Technical ReportPDF Available
The LESCI Layer
Timo I. Denk
mail@timodenk.com
Florian Pfisterer
florian.pfisterer1@gmail.com
November 2018
1 Notation
Let f:XYbe a classifier, where Xis the set of possible inputs and Ythe
set of labels. Each input is associated to exactly one label.
Using a neural network with Nlayers to represent f, we can examine different
intermediate (hidden) layers. We refer to the outputs of these layers as repre-
sentations. The ith layer is denoted by fi:Rmi1Rmiwhere i∈ {1, . . . , N}.
f1is the input layer and fNis the output softmax layer that outputs a prob-
ablitity distribution over the labels in Y.m0is the size of the classifier input,
and mN=|Y|.
After training a classifier on a dataset of tuples X×Y, we insert a new layer
l:RmjRmjin between two existing layers fjand fj+1. We suggest multiple
kinds of layer functions for l, introduced in the following.
2 Vector Quantization
We define a vector quantization (VQ) layer function lVQ :RmRmthat is
associated to an embedding space ERn×m. All inputs to this layer are
discretized into one of the rows vectors Ei,:. This idea is inspired by van den
Oord et al. (2017), who apply a VQ-layer to the code of an autoencoder during
training.
The VQ-layer takes an input vector xRmand compares it to all vectors in E
using a distance function d:Rm×RmR. It maps the input to the embedding
space vector that is found to be most similar. The layer function is defined as
lVQ (x) = Ei,:,(1)
Equal contribution.
1
where iis given by
i= arg min
id(Ei,:,x).(2)
Various function can be used for d, for instance the cosine similarity, where
d(x,y) = sim(x,y) and:
sim(x,y) = Pm
i=1 xiyi
kxk2kyk2
(3)
3 The LESCI Layer
“Large Embedding Space Constant Initialization” (LESCI) is an initialization
technique for the embedding space of the VQ-layer. Here, we assume the VQ-
layer lVQ is added in between two layers fjand fj+1. Its embedding matrix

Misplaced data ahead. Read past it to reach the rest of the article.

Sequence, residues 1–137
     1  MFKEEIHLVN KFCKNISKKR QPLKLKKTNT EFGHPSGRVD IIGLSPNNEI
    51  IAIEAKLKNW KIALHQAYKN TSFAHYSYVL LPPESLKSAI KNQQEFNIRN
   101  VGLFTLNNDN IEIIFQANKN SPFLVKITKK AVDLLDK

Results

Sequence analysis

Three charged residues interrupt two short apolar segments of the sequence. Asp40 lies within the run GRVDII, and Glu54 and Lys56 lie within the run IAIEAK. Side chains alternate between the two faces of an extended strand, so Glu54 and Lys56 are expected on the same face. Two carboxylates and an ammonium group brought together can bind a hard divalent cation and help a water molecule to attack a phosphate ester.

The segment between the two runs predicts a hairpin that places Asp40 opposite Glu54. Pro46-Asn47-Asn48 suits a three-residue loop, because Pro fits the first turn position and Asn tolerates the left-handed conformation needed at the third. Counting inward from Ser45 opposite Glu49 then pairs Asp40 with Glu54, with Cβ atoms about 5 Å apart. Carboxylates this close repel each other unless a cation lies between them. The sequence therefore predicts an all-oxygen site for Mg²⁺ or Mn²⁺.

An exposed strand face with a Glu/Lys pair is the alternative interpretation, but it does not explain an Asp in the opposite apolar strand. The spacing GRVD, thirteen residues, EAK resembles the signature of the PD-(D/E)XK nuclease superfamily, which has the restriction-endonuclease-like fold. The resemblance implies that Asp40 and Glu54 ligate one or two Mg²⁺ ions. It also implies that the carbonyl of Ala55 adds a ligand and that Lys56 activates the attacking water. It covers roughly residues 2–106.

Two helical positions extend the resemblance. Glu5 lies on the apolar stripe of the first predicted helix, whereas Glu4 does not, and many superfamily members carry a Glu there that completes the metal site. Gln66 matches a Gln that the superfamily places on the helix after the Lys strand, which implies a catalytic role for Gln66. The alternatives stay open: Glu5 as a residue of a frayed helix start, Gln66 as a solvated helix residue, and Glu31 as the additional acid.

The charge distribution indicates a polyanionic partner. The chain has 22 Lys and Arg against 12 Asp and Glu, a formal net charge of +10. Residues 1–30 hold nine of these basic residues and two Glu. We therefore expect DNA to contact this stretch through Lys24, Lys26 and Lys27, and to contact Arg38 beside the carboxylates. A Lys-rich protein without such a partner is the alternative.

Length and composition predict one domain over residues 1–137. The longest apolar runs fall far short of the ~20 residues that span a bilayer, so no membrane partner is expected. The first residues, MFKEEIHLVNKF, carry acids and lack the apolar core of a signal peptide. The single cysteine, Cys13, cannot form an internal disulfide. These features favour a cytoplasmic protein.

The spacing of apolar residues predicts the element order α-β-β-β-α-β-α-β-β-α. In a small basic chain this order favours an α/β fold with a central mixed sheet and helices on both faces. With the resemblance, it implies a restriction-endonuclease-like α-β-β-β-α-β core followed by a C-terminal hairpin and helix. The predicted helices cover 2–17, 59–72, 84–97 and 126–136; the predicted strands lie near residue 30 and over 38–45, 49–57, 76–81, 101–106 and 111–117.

Eis initialized with the outputs of fjinduced by feeding ncorrectly classified
samples from Xthrough the network. We denote a VQ-layer that uses LESCI
as its initialization method by lLESCI.
The intuition behind this initialization method is to store hidden representations
associated with inputs for which the outputs are known, such that previously
unseen samples will be projected to representations whose correct label is known.
The following part of the network is then exclusively exposed to representations
that are known from the dataset that were used to initialize E. All samples used
to compute the representations with which Eis initialized should be classified
correctly by f.
Multiple LESCI layers can be applied to different parts of a representation
vector, with shared or distinct embedding spaces.
3.1 Measuring Similarity after Dimensionality Reduction
Because the input xof a LESCI-layer is usually high-dimensional e.g. represen-
tations of size more than 100,000 in the image classification domain. Therefore,
measuring the distance using common distance functions dsuch as the L2-norm,
L1-norm, or the cosine similarity (Equation 3) may result in unwanted behavior:
Representation vectors belonging to the same class might have a large distance
according to d.
Dimensionality reduction techniques serve as a way to mitigate this problem by
projecting both the input xRmas well as the embedding space ERn×m
down to a lower dimension r << m. Let ˆxRrbe the lower-dimension input
vector and
ˆ
ERn×rthe lower-dimension embedding space. Then, the arg min
in Equation 2is calculated over the lower-dimensional values ˆxand
ˆ
Eas follows:
i= arg min
idˆ
Ei,:,ˆx.(4)
2
Notice that dis evaluated here on r-dimensional vectors as opposed to m-
dimensional vectors as before. The dimensionality-reduced vectors are only used
for choosing the closest embedding vector. The projection that is forwarded to